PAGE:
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Having never traveled in Bali, I was unprepared for the amount of traffic in Ubud, one of the larger cities. The narrow streets are crammed with cars, trucks, and motorbikes of all sizes and description. No one pays much attention to traffic laws and they park in whatever small space is free, even if it means blocking half the road. I was soon surprised to find myself plunging into this mass of crazy traffic.
One of the first tasks we like to accomplish when traveling is getting new SIM cards for our iPhones so that we can access the Internet as well as make local calls.
Chris, the Aussie manager at the Taman Sari Guest House where we were staying, told me that Kadek, one of the young women who are housekeepers here, would take me into town and help me get them. It appeared that I would be riding on the back of her motorbike. He then told me that I couldn’t wrap my arms around her waist (too intimate). My only option was to hold on underneath the side of the seat which didn’t feel all that secure.
Kadek drove fast as they all do here, but also with a natural, practiced ease. I only had to close my eyes twice as we squeezed into tiny spaces between large automobiles and parked motorbikes. The first shop she chose for me didn’t have the correct type of SIM, so after a bit of a chat with the counter person, in Indonesian (I’m guessing), she took me to a more expensive computer store that had them.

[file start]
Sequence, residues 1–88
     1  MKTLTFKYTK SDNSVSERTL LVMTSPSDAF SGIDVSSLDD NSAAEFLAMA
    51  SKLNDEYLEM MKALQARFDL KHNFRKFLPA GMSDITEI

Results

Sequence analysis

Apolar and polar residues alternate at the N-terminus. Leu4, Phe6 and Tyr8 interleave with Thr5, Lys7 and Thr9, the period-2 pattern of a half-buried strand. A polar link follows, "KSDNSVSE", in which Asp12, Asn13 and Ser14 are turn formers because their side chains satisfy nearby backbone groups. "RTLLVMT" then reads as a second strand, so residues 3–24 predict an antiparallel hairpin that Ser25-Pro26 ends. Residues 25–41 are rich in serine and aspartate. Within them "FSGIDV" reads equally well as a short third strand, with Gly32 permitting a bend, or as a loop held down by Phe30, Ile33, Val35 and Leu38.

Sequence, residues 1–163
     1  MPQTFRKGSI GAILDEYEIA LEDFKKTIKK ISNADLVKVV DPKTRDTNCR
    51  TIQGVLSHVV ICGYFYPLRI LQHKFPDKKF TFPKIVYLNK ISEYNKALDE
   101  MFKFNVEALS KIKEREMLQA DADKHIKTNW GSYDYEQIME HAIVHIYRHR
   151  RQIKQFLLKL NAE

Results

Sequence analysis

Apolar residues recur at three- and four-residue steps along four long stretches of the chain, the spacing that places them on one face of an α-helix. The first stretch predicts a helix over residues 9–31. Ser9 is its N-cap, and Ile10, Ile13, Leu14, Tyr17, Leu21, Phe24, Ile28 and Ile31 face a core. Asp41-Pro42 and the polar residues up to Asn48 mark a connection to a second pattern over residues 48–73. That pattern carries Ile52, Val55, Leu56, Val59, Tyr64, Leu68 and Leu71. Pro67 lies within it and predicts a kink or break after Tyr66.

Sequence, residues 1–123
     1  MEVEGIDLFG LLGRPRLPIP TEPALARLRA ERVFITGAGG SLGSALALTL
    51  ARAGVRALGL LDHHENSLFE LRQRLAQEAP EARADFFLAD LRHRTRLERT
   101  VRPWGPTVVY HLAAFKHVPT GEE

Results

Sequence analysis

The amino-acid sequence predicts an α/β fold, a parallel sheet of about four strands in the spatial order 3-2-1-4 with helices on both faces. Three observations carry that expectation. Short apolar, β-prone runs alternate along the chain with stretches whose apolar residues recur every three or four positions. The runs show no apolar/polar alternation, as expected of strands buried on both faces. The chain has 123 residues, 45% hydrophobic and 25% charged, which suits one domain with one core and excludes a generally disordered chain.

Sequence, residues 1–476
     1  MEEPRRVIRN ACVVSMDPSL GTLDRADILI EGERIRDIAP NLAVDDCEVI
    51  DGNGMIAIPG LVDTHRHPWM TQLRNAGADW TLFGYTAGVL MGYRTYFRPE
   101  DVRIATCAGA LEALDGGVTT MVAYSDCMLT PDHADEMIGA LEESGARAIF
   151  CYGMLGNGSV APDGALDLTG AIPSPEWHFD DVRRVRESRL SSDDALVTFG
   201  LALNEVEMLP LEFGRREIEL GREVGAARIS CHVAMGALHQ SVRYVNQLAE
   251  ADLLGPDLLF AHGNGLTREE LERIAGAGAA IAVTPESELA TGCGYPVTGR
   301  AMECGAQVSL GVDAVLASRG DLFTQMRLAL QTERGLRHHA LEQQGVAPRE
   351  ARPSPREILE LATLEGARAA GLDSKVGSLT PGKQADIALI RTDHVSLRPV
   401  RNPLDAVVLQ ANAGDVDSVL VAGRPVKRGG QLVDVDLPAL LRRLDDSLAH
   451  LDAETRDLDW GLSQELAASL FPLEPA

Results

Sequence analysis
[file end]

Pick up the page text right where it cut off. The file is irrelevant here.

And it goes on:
It cost $33 for the two SIM cards so that both Laurie and I could have an unlimited data plan for a month and some calling time. Initially I wasn’t getting any calling time, because I hadn’t expressed myself very well, but Kadek interceded with the clerk so that I got what I needed.
Then we hopped back on the motorbike for our harrowing ride home. Of course, I paid Kadek for the ride and her time. She was quite happy with USD$3.00 which is the going rate plus a nice tip. A few days later Laurie and I would rent our own motorbike and begin the process of learning to “go with the flow” of the traffic in Ubud, Bali.
I got hit by a moped in Bali…I was a pedestrian just minding my own business! Which makes me think you’re probably safer on one than off! Great article, we were too chicken to get bikes in Ubud, we walked miles!
Ouch! Sorry to hear that Nicky. Yes, you definitively have to stay very alert while walking or riding in Bali. We did rent a motorbike for our month there, and by the end, we had gotten a little braver, even driving through the dense city traffic. But there was another danger, besides the traffic. Huge pot holes marred all the streets. Sometimes I felt like our little motorbike could disappear into one! My solution was to watch the motorbike right in front of me and move where they did. Fortunately, we survived the experience and it sure was beautiful riding through the rice fields!
The riding sounds like great scary but functional fun.
It was a little scary at first, but the natives ride so well that I feel safe knowing that they will keep their distance. My old motorcycle skills have helped too.